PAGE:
With retroactive effect, EU Council Directive DAC 6 is now largely inapplicable in the United Kingdom. DAC 6, which came into force on June 25, 2018, requires certain intermediaries (including those who provide legal, tax, or consultancy services) or taxpayers to disclose information related to cross-border tax planning. Our prior coverage of DAC 6 may be found here. Continue Reading
On January 4, 2021, the Internal Revenue Service issued Notice 2021-7 pertaining to the valuation of the personal use of employer-provided vehicles. The Notice permits employers who rely on the special valuation rule of Treasury Regulation § 1.61-21(d), known as the Automobile Lease Valuation (ALV) method, to retroactively apply the vehicle cents-per-mile method of Treasury Regulation § 1.61-21(e) for purposes of valuing an employee’s personal use of a company vehicle in 2020. Due to decreased business use of employer-provided vehicles during the COVID-19 pandemic, the IRS agreed with employers that the application of the ALV method may have resulted in higher income imputation than usual for many employees and that the use of the vehicle cents-per-mile method may provide a “more accurate reflection of the employee’s income . . [,]” particularly in 2020. The ability to switch from the ALV method to the vehicle cents-per-mile method for 2020 applies only to a vehicle with a fair market value not exceeding $50,400 in 2020 and with respect to which the employer would reasonably have expected its regular use in the employer’s trade or business, were it not for the pandemic.
In addition, Notice 2021-7 provides employers, who switch from the ALV method to the vehicle cents-per-mile method for purposes of calculating personal use of the vehicle in 2020, with the option of continuing to apply the vehicle cents-per-mile method in 2021. If the employer decides to continue using the vehicle cents-per-mile method in 2021, that method must be used by the employer and employee for all subsequent years, except to the extent the commuting valuation rule applies. This decision will require employers to carefully evaluate whether the vehicle will continue to meet all of the requirements of Treasury Regulation § 1.61-21(e), other than the consistency requirement, and whether the value of the employee’s personal use of the vehicle will actually be calculated more favorably under the vehicle cents-per-mile method as compared to the ALV method, once the pandemic recedes in 2021 and vehicle use increases. Continue Reading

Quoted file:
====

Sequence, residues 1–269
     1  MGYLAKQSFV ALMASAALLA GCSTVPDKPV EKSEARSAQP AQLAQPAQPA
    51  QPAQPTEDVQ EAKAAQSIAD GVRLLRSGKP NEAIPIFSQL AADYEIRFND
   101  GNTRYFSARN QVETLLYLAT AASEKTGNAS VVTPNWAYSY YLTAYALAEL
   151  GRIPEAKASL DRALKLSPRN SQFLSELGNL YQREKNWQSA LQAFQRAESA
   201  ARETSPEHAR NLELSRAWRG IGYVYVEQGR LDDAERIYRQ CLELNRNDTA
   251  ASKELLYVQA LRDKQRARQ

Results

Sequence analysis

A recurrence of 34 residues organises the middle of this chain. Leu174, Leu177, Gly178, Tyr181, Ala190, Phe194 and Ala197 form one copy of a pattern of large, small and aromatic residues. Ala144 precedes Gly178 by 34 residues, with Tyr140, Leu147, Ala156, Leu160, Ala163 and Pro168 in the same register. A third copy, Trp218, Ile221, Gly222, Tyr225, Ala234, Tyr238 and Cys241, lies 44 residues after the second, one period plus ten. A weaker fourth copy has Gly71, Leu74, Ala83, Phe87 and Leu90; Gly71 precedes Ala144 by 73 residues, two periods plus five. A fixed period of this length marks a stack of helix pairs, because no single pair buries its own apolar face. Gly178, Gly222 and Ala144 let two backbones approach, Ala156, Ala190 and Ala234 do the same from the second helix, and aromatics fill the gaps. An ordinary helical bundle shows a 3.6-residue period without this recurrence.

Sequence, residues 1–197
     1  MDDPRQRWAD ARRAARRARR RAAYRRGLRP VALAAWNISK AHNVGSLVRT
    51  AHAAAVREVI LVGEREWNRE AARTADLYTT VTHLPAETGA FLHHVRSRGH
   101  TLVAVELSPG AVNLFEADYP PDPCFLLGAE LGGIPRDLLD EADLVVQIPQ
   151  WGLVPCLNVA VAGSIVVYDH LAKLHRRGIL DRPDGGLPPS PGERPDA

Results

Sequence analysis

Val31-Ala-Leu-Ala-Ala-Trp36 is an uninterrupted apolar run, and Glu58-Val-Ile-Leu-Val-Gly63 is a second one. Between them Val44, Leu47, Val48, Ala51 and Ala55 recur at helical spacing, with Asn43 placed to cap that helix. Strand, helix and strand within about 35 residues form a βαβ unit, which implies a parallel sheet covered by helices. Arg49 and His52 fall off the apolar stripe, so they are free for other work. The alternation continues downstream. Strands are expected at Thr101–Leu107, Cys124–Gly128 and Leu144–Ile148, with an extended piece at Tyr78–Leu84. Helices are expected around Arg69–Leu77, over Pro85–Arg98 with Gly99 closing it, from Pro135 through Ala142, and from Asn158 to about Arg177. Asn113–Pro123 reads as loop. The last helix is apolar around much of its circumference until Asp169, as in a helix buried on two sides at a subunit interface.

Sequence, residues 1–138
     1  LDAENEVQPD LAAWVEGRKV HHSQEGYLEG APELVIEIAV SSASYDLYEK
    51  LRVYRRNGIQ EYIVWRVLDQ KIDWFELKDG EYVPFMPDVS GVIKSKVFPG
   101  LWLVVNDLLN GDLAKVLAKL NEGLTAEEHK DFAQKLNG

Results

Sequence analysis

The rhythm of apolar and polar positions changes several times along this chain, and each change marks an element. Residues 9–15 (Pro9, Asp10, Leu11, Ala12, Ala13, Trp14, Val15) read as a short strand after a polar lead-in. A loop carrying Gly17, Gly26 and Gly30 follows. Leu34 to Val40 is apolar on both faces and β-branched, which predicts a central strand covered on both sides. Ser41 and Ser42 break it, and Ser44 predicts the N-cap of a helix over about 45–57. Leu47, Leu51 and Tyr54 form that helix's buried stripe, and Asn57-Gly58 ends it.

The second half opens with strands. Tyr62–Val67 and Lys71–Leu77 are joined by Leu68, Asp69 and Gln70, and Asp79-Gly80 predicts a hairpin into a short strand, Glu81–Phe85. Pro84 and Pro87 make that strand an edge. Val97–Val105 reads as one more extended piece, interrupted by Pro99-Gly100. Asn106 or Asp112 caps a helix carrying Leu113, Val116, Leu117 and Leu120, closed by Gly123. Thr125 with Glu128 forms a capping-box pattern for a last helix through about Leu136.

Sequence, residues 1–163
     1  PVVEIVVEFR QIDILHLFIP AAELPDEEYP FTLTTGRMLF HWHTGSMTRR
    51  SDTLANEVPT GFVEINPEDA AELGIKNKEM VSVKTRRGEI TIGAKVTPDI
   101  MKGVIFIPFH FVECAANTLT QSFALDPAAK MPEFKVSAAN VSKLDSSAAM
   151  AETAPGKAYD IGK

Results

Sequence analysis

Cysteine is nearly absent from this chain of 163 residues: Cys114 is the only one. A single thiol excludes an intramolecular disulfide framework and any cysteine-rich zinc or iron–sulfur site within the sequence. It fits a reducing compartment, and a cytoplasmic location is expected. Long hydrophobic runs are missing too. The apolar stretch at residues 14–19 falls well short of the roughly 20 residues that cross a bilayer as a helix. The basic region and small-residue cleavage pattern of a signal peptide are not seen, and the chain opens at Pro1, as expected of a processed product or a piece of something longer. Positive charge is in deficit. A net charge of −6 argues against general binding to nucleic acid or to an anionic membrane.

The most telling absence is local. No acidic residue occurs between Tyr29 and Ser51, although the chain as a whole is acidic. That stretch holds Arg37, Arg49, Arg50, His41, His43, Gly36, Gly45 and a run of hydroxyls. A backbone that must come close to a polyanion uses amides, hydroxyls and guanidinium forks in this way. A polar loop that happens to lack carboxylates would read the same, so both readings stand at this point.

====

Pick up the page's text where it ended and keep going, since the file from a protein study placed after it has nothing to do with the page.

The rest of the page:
On Friday, January 1, 2021, the Senate voted to override President Trump’s veto of the 2021 National Defense Authorization Act (“2021 NDAA”) by a vote of 81 -13. The Senate’s override follows the House of Representatives’ override on December 28, 2020, and the 2021 NDAA is now law. As we reported on December 23, 2020, the 2021 NDAA includes new FinCEN reporting requirements for U.S. and foreign entities to disclose information regarding the beneficial owners of reporting companies.
We will provide further coverage of the new FinCEN reporting requirements when the Treasury publishes regulations at some point over the next year.
On Monday, December 28, 2020, the House voted to override the President’s veto of the 2021 National Defense Authorization Act (“2021 NDAA”) by a vote of 322 – 87. As we reported last week, the 2021 NDAA includes new FinCEN reporting requirements for U.S. and foreign entities to disclose information regarding the beneficial owners of reporting companies. The Senate plans to vote tomorrow (Tuesday, December 29, 2020) on whether to override the President’s veto.
As the end of the year approaches, many accounts payable departments are gearing up to complete their annual Form 1099 filings. For 2020, a new form, Form 1099-NEC, will be used to report payments of non-employee compensation to vendors. (See earlier coverage.) The IRS resurrected the Form 1099-NEC, which had not been used in decades, to replace Box 7 reporting on Form 1099-MISC because the Protecting Americans from Tax Hikes (PATH) Act accelerated the filing deadline for non-employee compensation to January 31. The rules for reporting on Form 1099-NEC are generally the same as for reporting in Box 7 of Form 1099-MISC in the past. However, the reporting requirements for the two may differ at the state level.
Earlier this month, both houses of Congress passed the 2021 National Defense Authorization Act (“2021 NDAA”). Included in Title LXIV of the 2021 NDAA (Title 64 for those of us rusty on Roman numerals), are new information reporting requirements intended to identify individual beneficial owners of certain business entities. Subject to a number of exceptions, the bill requires certain U.S. and foreign entities to file annual reports with the U.S. Treasury Department’s Financial Crimes Enforcement Network (“FinCEN”) that will disclose information regarding the beneficial owners of reporting companies. Overall, the reporting will identify those individuals exercising “control,” as the term is defined, over those entities required to report. According to the legislation, over two million corporations, LLCs, and similar entities are formed under state law in the United States each year, and many “malign actors seek to conceal their ownership” of various entities intended to facilitate illegal activity. Accordingly, the reporting mandated by the legislation is intended to help protect national security interests and interstate and foreign commerce, as well as counter the financing of terrorism.